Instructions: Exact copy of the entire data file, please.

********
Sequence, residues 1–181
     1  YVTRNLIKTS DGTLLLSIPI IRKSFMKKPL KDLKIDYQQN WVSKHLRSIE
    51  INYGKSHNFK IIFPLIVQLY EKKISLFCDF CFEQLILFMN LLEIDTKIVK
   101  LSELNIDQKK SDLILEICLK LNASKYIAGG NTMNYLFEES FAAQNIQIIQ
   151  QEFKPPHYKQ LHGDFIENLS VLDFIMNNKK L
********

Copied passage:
Sequence, residues 1–181
     1  YVTRNLIKTS DGTLLLSIPI IRKSFMKKPL KDLKIDYQQN WVSKHLRSIE
    51  INYGKSHNFK IIFPLIVQLY EKKISLFCDF CFEQLILFMN LLEIDTKIVK
   101  LSELNIDQKK SDLILEICLK LNASKYIAGG NTMNYLFEES FAAQNIQIIQ
   151  QEFKPPHYKQ LHGDFIENLS VLDFIMNNKK L